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China's Two Sessions enrich global environmental agenda: UNEP official

2019-03-10 13:07:00 Source:Xinhua Author:
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Joyce Msuya, the acting executive director of the United Nations Environmental Programme (UNEP), reacts during an exclusive interview with Xinhua in Nairobi, capital of Kenya, March 5, 2019. (Xinhua/Zhang Yu)




China's ongoing annual Two Sessions are enriching the global debate on how to accelerate green, sustainable and inclusive growth, said a senior UN official.
At this year's sessions of the National People's Congress (NPC) and the National Committee of the Chinese People's Political Consultative Conference (CPPCC), respectively China's top legislature and political advisory body, fresh impetus is being added to the country's green development.
In the government work report delivered at the opening of the annual NPC session on Tuesday, China pledges to make big advances in green development in 2019 and pursue both high-quality development and environmental protection.
Joyce Msuya, acting executive director of the United Nations Environment Programme (UNEP), said she is optimistic that China will sustain the political goodwill required to tackle environmental challenges like pollution.
"If you look at China's history in addressing for example the PM2.5, the pollution problem, it took leadership in its own very pragmatic ways and made some progress," said Msuya.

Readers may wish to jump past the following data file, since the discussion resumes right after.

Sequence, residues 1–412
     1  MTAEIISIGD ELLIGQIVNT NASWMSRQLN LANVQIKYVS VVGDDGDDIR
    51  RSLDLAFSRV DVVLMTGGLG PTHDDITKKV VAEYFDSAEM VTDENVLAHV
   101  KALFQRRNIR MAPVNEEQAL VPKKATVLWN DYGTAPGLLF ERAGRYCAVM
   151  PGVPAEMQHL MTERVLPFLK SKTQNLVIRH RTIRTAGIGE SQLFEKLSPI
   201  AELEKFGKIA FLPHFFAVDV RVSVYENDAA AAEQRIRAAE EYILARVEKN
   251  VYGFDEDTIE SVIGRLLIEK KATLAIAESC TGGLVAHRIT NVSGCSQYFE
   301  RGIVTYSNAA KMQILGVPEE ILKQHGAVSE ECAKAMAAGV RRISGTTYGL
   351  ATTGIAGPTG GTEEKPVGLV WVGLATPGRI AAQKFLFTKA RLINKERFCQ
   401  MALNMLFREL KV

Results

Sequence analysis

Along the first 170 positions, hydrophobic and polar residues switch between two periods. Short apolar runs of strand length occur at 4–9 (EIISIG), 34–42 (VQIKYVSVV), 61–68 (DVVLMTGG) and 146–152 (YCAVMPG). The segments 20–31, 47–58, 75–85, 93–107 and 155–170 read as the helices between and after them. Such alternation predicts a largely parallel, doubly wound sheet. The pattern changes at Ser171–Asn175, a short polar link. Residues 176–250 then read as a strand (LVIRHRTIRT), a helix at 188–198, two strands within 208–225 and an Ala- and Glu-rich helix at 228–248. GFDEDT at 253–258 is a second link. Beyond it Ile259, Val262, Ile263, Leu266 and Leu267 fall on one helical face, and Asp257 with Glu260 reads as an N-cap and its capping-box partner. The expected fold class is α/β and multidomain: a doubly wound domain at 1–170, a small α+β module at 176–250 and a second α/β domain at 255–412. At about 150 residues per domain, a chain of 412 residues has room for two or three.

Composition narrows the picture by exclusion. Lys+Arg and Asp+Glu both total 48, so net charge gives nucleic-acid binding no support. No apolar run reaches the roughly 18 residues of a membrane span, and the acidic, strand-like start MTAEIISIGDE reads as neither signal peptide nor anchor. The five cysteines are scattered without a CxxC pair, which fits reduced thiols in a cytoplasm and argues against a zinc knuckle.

The fight against pollution is one of the "three tough battles" China has vowed to win in order to complete the building of a moderately prosperous society in all respects by 2020.
Msuya, who once served as the World Bank Institute's East Asia and Pacific Regional Coordinator in China, hailed China's success in shifting towards renewable energy sources and fighting air and water pollution.
The UN official spoke highly of the Chinese government's decision to reduce the production and use of nitrogen dioxide and synthetic fertilizers in the agricultural sector, saying it will help prevent the pollution of water bodies.
With an eye to the upcoming fourth session of the UN Environment Assembly (UNEA-4), Msuya said she looks forward to a re-invigorated partnership with China to help address such pressing challenges as climate change, biodiversity loss and waste.
More than 2,000 delegates, including environmental officials, industry executives, scholars and campaigners, are expected to attend the five-day meeting in Nairobi in the coming week to revitalize the global green agenda.
China's pursuit of green development, said the UN official, can inspire other developing countries to follow suit.
"We continue to engage and look forward to learning from what China will do in both pollution, biodiversity but also waste management and chemical use," she added.
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